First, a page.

Economic Overview

Pakistan, an impoverished and underdeveloped country, has suffered from decades of internal political disputes, low levels of foreign investment, and a costly, ongoing confrontation with neighboring india. however, since 2001, imf-approved reforms - most notably, privatization of the banking sector - bolstered by generous foreign assistance and renewed access to global markets, have generated macroeconomic recovery. pakistan has experienced gdp growth in the 6-8% range in 2004-07, spurred by gains in the industrial and service sectors. poverty levels have decreased by 10% since 2001, and islamabad has steadily raised development spending in recent years, including a 52% real increase in the budget allocation for development in fy07. in 2007 the fiscal deficit - a result of chronically low tax collection and increased spending - exceeded islamabad's target of 4% of gdp. inflation remains the top concern among the public, jumping from 7.7% in 2007 to more than 11% during the first few months of 2008, primarily because of rising world commodity prices. the pakistani rupee has depreciated since the proclamation of emergency rule in november 2007.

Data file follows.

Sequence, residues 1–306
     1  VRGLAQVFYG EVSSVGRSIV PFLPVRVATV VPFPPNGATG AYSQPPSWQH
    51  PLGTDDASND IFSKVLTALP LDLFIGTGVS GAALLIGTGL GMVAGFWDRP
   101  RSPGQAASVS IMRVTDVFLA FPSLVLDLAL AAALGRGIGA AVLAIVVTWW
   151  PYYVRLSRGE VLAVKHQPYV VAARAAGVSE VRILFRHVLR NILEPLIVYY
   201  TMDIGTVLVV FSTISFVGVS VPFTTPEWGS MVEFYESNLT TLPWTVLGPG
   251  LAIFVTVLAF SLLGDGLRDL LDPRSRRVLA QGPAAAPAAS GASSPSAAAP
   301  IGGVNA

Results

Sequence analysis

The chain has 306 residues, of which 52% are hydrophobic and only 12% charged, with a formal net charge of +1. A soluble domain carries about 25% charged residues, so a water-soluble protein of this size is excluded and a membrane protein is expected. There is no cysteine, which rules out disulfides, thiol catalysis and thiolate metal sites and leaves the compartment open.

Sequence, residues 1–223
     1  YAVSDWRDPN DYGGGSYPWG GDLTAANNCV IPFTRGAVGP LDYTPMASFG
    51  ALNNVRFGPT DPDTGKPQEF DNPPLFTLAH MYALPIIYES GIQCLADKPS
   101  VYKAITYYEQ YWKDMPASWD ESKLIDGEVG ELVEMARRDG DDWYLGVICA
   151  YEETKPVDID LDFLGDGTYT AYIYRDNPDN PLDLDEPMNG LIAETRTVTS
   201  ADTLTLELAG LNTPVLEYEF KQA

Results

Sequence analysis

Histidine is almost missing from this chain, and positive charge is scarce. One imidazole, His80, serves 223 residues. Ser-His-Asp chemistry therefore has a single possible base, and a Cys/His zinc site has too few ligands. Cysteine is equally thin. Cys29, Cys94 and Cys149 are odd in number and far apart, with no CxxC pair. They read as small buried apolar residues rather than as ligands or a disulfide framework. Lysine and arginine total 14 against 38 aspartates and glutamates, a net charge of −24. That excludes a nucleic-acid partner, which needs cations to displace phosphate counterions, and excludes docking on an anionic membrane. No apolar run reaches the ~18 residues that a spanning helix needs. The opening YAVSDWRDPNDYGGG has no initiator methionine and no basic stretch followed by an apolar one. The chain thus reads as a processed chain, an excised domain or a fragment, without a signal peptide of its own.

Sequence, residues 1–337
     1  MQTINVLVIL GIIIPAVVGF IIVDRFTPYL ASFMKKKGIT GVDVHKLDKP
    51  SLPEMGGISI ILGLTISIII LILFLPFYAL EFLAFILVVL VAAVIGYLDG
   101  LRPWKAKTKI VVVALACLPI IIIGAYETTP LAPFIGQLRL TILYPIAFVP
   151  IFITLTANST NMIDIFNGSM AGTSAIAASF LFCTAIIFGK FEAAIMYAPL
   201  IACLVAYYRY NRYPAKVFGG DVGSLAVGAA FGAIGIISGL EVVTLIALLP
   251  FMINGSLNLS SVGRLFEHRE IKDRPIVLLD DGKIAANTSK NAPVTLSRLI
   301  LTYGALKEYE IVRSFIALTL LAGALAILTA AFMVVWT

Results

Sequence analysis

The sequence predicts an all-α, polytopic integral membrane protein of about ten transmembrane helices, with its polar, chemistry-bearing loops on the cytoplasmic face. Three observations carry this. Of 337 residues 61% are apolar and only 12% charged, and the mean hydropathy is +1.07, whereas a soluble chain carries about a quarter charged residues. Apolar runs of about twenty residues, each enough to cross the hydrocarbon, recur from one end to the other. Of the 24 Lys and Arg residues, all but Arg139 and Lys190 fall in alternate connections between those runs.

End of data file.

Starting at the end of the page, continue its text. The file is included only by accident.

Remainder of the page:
Environmental Issues

Water pollution from raw sewage, industrial wastes, and agricultural runoff; limited natural fresh water resources; most of the population does not have access to potable water; deforestation; soil erosion; desertification

Government Type

Federal republic

Population

172,800,048 (july 2008 est.)

Location